From The Fighting Bunch, by Chris DeRose (St. Martin’s, 2020), Kindle pp. 291-292:
Bill [White] allowed the samurai sword he had sent home from Tarawa to be displayed at Tennessee Wesleyan. A group of Japanese businessmen had come to town to look at buying Mayfield’s Dairy. They visited the college and read the inscription on the blade. Word spread back in Japan that the sword had turned up in Athens, Tennessee. The Japanese government made a formal request for its return. Collectors offered Bill White serious money. He wasn’t interested. But he made it known that he would return it to the family of the man he’d taken it from.
In 1967, Pakaore Hashitami [sic; see below] arrived in the United States and traveled to the Tellico Lodge in the mountains of East Tennessee to meet the man who had killed his father. He admired the polished sharkskin scabbard and gold-tipped handle of his father’s sword. Before he could accept, he asked Bill to tell him how his father died. He had to know that he had lost his life honorably. Bill told him the story of Swede and the concrete blockhouse on Tarawa. Hashitami bowed to Bill, drew the sword from the scabbard, and held it over his head. Bill realized a second too late that he had given this man room to take a swing at him. Bill took a big step closer. But Hashitami had no intentions of revenge. He thanked Bill for restoring honor to his family. The sword had been with them for four hundred years. Of course, Bill said. The war was over.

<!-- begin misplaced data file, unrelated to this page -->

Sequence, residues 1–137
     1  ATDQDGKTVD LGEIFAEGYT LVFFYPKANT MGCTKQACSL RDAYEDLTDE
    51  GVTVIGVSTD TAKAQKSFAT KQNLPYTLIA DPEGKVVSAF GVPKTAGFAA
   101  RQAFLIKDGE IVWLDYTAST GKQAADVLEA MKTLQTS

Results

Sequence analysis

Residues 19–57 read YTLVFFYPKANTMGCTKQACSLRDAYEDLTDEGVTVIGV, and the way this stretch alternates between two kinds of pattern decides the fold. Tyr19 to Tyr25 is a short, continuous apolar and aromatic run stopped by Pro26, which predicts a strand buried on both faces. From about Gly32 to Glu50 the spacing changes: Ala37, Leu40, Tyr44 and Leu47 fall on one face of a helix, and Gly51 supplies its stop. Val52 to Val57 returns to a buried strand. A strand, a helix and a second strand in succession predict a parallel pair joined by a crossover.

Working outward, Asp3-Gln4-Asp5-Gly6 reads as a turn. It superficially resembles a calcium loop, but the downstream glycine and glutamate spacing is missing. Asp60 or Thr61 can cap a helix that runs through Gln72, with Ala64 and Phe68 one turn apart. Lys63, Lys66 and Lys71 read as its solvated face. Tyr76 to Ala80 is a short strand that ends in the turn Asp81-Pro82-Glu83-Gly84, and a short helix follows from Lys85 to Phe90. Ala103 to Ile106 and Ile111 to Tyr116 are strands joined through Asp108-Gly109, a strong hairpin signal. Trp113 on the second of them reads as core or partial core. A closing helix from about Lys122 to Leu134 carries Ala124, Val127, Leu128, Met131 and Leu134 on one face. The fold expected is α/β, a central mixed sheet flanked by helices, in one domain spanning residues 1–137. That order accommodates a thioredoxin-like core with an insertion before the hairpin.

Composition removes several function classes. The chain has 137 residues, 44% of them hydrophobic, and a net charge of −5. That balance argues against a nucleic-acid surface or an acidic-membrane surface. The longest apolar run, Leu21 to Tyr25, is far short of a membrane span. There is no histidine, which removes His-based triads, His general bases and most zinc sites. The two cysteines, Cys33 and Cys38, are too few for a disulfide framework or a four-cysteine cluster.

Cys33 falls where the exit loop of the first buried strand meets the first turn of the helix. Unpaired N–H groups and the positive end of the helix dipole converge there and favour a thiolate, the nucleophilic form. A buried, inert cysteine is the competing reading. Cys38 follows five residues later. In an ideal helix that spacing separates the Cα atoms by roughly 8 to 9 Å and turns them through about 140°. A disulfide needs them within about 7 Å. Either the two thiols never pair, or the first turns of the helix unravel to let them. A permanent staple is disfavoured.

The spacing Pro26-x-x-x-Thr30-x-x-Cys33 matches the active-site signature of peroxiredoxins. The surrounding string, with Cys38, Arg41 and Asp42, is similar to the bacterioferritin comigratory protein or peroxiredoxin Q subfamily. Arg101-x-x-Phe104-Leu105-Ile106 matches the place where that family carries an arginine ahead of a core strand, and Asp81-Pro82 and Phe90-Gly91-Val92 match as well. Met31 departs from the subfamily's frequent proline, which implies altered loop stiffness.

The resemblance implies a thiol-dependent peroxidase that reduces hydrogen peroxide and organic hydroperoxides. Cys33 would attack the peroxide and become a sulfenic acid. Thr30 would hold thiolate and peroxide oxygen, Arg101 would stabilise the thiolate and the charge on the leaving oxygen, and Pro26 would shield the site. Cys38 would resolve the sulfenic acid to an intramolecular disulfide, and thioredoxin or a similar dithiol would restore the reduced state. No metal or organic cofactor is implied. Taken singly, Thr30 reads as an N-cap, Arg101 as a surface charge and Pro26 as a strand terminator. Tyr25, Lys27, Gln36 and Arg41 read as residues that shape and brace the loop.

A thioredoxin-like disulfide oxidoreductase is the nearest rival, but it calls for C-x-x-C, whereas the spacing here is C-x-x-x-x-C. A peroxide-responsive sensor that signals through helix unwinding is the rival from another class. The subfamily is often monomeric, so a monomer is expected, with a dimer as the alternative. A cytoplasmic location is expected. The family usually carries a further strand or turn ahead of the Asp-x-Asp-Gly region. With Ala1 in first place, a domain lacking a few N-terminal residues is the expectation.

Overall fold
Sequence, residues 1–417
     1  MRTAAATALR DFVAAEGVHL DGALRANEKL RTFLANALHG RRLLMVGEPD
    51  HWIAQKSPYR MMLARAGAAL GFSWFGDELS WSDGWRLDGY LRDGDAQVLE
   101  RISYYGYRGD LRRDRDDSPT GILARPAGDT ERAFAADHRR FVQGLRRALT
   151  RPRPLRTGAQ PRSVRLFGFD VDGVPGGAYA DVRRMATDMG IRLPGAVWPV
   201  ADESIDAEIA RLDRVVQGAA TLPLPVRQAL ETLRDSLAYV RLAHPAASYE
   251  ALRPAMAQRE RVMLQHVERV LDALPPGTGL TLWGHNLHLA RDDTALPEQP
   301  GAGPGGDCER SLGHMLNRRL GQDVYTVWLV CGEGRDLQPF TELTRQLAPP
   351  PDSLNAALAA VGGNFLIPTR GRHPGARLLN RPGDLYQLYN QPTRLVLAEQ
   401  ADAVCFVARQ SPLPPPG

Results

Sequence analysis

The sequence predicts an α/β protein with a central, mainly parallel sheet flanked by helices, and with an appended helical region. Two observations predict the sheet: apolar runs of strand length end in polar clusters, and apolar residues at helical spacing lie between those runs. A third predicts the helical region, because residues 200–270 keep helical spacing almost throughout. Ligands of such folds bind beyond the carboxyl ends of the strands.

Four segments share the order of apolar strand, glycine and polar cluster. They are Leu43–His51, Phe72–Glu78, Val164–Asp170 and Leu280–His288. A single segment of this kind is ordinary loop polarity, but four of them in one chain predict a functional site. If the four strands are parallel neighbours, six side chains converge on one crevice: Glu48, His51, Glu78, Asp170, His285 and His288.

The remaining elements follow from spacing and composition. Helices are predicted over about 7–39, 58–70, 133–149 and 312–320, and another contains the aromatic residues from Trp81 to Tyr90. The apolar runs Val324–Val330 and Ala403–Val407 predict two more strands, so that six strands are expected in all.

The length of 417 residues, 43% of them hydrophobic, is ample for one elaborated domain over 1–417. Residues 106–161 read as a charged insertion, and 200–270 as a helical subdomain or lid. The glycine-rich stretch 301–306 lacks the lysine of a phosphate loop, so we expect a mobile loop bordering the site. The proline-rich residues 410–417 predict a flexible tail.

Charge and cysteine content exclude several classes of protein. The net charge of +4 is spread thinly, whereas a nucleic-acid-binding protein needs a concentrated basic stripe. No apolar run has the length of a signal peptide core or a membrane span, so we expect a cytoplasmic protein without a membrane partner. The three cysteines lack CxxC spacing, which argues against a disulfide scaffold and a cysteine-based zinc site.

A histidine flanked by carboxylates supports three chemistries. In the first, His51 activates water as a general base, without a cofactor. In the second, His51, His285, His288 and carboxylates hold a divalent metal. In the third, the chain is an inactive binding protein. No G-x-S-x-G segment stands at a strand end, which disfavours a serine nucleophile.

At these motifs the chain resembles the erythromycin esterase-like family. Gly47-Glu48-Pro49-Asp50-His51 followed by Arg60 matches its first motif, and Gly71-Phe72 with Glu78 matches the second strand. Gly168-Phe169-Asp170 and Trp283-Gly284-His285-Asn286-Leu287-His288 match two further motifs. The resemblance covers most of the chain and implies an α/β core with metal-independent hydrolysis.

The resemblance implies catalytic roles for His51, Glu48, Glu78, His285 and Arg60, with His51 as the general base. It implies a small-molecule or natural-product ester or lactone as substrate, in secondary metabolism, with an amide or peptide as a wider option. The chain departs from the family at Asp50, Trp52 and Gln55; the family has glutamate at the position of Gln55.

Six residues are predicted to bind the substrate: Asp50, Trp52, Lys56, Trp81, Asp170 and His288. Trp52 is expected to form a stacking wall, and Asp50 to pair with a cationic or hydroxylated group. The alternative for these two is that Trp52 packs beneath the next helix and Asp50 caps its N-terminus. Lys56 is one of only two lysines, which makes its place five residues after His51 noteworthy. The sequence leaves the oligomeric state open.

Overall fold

There have been many such stories of U.S. Marines returning samurai swords captured on islands in the Pacific, ever since the WWII generation or their children began contemplating their own legacies. But the Japanese name cited above is utterly improbable, and the only place it appears in Google searches is a clip in this book (on page 292 and in the index). The family name is more likely Hashitani (橋谷 ‘bridge-valley’), and the given name Pakaore is impossible in Japanese. If you search for it online, you’ll find links to a few people in India and to images and recipes for pakora. Any name starting with P in Japanese is likely to be of foreign origin, like Pekin, Perusha, Porando, Porutogaru, or even Ponto-cho (< Portuguese ponte ‘bridge’). If St. Martin’s reprints this book, I urge the author to confirm and correct the name of the samurai descendant who took home his family’s sword.